NASSAU, Bahamas, Friday September 28, 2012 – Youth violence in several Caribbean countries is significantly above the world average and threatens the prosperity of the region.
Against this backdrop, “Partnering for crime prevention and social development” the fifth in a series of national consultations organized by the Caribbean Community (CARICOM) Secretariat, convened in the Bahamas this week.
The two-day consultation, which was funded by the United States Agency for International Development (USAID) in partnership with The Bahamas Ministries of National Security and Youth Sports and Culture, is part of a process that engages representatives from the public and private sectors, civil society, academia, affected youth, families and communities in dialogue in order to develop country-specific social interventions and crime prevention strategies to mitigate the alarmingly high incidence of youth crime and violence in the Caribbean region.
The initiative is a component of the four-pronged CARICOM Social Development and Crime Prevention Action Plan, which was developed in tandem with the United Nations Office on Drugs and Crime (UNODC).
The national consultation provided an exposé on the enormity of the problem in several member states, including The Bahamas, Belize, Guyana, and St Kitts and Nevis, and as member states grappled for solutions, the challenge of harnessing resources was clear.
The Bahamas Minister of National Security Dr Bernard Nottage pointed to several reports, including the most recent Caribbean Human Development Report (2012), which provided empirical evidence on the social determinants of youth crime and violence. Included were poverty, inequality in employment and under-employment, the growing economic gap between rich and poor, lack of parental guidance and the reluctance to pursue positive opportunities.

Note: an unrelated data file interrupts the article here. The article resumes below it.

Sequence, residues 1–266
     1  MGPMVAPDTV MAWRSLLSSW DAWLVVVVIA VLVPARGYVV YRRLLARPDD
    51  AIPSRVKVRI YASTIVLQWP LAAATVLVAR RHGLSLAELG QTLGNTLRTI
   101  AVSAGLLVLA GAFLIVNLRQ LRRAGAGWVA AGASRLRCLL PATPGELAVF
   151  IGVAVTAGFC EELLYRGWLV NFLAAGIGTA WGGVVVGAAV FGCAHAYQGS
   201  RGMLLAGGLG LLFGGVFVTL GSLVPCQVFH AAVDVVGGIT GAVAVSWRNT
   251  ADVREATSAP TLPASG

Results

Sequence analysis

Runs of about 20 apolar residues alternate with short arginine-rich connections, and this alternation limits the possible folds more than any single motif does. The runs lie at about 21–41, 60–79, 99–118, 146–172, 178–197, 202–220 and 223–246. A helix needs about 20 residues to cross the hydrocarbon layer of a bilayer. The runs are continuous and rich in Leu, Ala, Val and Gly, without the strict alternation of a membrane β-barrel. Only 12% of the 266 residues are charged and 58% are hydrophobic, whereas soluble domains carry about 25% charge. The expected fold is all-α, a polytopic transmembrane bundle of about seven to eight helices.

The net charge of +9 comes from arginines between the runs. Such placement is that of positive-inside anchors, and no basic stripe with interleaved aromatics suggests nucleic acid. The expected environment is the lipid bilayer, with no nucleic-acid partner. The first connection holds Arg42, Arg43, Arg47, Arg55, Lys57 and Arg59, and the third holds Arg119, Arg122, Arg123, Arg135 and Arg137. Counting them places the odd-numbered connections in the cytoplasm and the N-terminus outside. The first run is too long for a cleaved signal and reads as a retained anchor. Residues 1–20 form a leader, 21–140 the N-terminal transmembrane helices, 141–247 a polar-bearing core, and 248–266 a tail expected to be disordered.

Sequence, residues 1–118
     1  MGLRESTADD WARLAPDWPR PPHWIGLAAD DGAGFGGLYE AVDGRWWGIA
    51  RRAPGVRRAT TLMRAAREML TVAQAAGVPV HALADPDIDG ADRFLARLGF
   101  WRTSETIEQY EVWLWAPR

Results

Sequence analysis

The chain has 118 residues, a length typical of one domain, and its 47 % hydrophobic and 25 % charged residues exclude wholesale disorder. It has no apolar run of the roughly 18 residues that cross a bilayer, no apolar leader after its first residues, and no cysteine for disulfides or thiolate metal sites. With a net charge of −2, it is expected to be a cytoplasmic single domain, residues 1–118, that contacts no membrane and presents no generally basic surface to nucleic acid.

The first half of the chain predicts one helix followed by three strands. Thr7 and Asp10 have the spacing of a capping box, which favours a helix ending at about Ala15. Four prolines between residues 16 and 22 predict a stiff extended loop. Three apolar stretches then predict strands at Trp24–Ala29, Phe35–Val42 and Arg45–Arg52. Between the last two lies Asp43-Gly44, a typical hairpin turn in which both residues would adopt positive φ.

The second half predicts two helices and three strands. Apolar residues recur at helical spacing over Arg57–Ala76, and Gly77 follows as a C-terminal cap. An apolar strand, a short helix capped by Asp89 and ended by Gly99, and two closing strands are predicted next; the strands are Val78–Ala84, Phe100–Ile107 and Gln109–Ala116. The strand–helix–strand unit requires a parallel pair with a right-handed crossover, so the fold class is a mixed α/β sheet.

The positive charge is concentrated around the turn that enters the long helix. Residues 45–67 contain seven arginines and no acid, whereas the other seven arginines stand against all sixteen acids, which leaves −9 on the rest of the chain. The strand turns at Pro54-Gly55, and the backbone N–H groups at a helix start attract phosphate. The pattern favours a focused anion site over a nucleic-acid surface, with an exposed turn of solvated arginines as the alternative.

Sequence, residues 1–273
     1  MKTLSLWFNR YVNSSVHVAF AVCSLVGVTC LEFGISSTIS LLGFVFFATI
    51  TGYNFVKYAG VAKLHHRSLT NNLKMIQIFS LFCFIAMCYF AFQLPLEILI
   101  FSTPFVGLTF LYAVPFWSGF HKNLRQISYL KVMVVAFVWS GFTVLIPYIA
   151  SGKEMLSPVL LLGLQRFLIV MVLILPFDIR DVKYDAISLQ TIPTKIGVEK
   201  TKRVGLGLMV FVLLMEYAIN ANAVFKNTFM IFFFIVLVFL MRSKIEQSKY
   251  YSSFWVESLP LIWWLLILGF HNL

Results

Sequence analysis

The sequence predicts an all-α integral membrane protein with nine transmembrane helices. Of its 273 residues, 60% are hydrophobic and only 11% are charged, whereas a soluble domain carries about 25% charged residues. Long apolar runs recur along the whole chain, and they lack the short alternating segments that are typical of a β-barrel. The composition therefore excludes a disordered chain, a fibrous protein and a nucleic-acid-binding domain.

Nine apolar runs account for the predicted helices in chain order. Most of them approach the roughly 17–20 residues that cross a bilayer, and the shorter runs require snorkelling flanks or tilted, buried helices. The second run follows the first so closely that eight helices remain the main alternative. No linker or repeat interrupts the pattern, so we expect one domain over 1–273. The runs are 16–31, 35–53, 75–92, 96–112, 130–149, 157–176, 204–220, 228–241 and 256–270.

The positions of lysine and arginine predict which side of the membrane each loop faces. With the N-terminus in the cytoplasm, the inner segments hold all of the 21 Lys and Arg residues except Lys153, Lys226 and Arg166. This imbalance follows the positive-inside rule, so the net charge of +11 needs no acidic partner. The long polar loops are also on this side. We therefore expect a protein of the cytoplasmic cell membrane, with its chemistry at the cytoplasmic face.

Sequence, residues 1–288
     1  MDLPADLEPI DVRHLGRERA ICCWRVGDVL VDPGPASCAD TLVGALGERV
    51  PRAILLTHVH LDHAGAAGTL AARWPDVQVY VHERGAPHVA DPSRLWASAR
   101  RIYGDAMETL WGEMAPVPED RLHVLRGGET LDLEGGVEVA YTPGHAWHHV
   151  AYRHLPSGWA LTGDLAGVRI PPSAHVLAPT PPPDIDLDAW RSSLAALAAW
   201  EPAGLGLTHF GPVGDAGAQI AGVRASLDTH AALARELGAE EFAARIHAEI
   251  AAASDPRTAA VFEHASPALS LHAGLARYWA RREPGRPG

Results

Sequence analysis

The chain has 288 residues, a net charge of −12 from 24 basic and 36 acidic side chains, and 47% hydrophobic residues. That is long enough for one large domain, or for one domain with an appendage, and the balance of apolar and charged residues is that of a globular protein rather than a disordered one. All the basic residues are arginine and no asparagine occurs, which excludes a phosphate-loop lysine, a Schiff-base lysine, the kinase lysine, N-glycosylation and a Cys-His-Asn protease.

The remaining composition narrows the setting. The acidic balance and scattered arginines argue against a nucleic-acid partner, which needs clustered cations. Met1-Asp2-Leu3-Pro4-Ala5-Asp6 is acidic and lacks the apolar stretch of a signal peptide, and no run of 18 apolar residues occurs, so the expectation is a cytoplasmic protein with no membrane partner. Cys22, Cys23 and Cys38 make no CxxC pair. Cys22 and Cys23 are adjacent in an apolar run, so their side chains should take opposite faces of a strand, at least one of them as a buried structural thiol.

Dr Nottage stated that youth violence was an important development challenge worldwide, and therefore “youth development and youth empowerment must be important parts of our citizen security response”.
According to the minister: “Investments in reducing the risk factors associated with violent offending and victimization, coupled with strategies for boosting youth resilience can reduce or even reverse the negative impact of youth violence”.
Dr Nottage emphasized the need for the Caribbean to rethink its approaches to tackling crime and violence, insisting that “… we must address the fundamental social and economic development issues that predispose our youth to crime and violence”.
The minister went on to say that any response to youth crime and violence must address the structural, societal, community and individual risk factors that account for youth violence. He also stressed the importance of cooperation and partnerships in the successful implementation of any crime fighting strategy.
USAID representative John Armstrong underscored the importance of partnerships in tackling what he stated was an enormous challenge for both his country and the Caribbean region.
Armstrong, the charge d’affaires at the US Embassy in The Bahamas, was impressed with the multi-disciplinary and multi-sectoral approach adopted by the CARICOM Secretariat in addressing crime prevention in the region.
He was also resolute that the strategies used in combating youth crime and violence must be unique to the context and realities of each region and country because “one size does not fit all”.